Arlen rode around the blockades and down to the riverbed, a mighty channel that now held only a muddy, buggy trickle of water. Some thin vegetation clung stubbornly to the water’s edge, but further back the stalks of dead plants jutted, choked with dust and too dry to rot.

The water collected in a few small pools, brown and stinking. Arlen filtered it through charcoal and cloth, but still looked at the water doubtfully, and decided to boil it, as well. Dawn Runner nibbled at the bits of weed and prickly grass while he worked.

It was getting late in the day, and Arlen looked at the setting sun resentfully. “C’mon, boy,” he told the horse. “Time to lock ourselves up for the night.”

He led Dawn Runner back up the bank and into the main courtyard of the village. With little rain or erosion, the demon pits, twenty feet deep and ten feet in diameter, remained intact, but the wards that had been cut into the stones around them were dirty and faded. Any demon thrown into one of the pits now would likely climb right back out.

Still, the pits gave some security. Arlen set up his portable circles right between the adobe walls and one pit, limiting the path of approach to his camp.

Ten feet in diameter, Arlen’s portable warding circles were composed of lacquered wooden plates connected by lengths of stout rope. Each plate was painted with ancient symbols of forbiddance, enough to shield him from every known breed of coreling. He laid them out in precise fashion, ensuring that the wards lined up correctly to form a seamless net.

He drove a stake into the clay inside one circle, and looped rope around Dawn Runner’s legs, hobbling the horse and tying it to the stake with a complicated knot. If the horse struggled or tried to bolt when the demons came, the ropes would tighten and hold it in place, but Arlen could free the knot with but a tug, dropping the loops and freeing Dawn Runner instantly.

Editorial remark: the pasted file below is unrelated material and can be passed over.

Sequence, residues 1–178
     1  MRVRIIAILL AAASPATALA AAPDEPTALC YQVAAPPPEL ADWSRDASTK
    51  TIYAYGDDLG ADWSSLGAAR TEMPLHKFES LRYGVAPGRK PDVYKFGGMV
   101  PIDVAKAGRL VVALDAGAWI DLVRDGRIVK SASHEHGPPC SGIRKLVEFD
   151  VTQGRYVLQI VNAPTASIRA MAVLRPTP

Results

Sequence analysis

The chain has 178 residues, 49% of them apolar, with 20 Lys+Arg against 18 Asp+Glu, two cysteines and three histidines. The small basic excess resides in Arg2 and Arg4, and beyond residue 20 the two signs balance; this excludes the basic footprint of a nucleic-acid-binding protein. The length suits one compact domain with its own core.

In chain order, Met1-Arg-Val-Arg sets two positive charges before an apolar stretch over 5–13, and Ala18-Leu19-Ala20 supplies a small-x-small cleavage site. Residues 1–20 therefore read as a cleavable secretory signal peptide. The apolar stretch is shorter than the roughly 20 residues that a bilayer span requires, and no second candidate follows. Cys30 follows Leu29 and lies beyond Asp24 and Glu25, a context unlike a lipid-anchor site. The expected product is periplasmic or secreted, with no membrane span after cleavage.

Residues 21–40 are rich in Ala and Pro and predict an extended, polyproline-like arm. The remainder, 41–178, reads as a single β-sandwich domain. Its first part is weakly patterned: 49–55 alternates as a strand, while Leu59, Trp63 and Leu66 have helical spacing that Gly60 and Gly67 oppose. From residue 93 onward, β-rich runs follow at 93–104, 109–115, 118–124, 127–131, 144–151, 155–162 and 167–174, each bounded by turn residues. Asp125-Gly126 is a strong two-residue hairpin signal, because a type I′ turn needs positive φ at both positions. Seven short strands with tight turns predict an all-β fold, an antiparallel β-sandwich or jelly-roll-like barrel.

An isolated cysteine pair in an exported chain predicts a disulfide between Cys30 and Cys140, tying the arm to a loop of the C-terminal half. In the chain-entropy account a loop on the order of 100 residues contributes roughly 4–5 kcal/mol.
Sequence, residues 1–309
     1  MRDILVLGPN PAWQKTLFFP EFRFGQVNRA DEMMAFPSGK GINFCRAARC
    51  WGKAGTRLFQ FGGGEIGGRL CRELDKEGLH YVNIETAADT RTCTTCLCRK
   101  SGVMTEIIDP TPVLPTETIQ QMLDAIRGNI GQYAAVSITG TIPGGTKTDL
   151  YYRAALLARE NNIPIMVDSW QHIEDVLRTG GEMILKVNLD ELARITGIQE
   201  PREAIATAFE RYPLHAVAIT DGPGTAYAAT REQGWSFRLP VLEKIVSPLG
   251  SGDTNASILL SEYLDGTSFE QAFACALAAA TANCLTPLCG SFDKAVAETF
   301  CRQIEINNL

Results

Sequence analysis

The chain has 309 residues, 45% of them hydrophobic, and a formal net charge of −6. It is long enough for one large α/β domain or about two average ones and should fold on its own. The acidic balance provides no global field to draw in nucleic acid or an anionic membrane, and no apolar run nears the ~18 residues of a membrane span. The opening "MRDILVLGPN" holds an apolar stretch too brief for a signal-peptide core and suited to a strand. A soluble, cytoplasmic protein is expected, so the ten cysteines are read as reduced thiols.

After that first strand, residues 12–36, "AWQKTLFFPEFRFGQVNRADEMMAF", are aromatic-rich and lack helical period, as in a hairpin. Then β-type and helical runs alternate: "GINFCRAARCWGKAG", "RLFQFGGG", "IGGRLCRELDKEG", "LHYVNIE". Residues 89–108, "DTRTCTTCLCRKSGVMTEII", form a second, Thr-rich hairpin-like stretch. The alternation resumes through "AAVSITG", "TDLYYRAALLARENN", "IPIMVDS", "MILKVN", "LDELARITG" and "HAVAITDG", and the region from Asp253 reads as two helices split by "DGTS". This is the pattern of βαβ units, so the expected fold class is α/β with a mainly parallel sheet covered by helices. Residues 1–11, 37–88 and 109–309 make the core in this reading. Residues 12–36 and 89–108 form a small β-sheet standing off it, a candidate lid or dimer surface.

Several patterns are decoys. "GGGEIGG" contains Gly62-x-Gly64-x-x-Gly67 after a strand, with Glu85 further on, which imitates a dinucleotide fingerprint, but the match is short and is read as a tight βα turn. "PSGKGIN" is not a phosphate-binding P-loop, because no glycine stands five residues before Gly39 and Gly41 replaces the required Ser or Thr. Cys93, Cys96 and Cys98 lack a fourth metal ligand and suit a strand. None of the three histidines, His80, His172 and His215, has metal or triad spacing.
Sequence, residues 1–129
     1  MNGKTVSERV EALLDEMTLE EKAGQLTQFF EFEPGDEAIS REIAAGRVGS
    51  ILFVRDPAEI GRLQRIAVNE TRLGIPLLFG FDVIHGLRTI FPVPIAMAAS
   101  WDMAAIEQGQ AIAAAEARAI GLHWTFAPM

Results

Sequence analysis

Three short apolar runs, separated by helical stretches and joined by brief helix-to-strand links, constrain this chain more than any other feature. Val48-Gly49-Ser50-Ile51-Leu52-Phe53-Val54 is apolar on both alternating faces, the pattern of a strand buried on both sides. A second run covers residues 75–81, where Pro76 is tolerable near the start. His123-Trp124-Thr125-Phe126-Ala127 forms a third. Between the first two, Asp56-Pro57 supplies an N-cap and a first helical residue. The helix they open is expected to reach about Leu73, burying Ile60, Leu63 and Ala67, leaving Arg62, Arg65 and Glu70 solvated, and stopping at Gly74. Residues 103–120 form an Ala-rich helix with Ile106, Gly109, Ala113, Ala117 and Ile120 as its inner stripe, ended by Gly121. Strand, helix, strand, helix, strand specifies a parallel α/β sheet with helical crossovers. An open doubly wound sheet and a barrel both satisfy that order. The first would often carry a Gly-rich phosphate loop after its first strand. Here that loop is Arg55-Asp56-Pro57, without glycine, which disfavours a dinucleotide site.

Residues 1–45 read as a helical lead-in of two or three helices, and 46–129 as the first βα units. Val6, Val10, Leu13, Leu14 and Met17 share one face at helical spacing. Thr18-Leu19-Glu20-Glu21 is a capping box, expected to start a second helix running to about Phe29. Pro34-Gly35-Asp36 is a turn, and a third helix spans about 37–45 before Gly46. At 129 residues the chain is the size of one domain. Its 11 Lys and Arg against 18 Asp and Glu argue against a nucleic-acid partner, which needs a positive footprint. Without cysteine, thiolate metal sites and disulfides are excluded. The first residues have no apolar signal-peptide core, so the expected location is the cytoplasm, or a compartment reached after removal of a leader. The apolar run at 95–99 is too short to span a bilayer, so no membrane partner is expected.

In the other circle, Arlen made his own camp. He laid a fire, but did not yet set spark to it, for wood was precious this far out, and the desert night would grow bitter cold.

As he worked, Arlen’s eyes kept drifting up the stone steps to the adobe buildings built into the walls. Somewhere up there was the workshop of Master Dravazi, an artisan whose painted pottery had been worth its weight in gold while he lived, and was priceless now. One original Dravazi, lying forgotten on the potter’s wheel, would likely finance his entire trip. More would make him a very rich man.

Arlen even had a good idea of where the master’s workshop lay from his maps, but as much as he wanted to go and search, the sun was setting.

As the great orb settled below the horizon, the heat leached from the clay flats, drifting skyward and giving the demons a path up from the Core. An evil gray mist rose from the ground outside the circles, coalescing slowly into demonic form.

As the mist rose, Arlen began to feel claustrophobic, as if his circle was surrounded by glass walls, cutting him off from the world. It was hard to breathe in the circle, even though the wards blocked only demon magic, and fresh air blew across his face even now. He looked out at his rising jailors, and bared his teeth.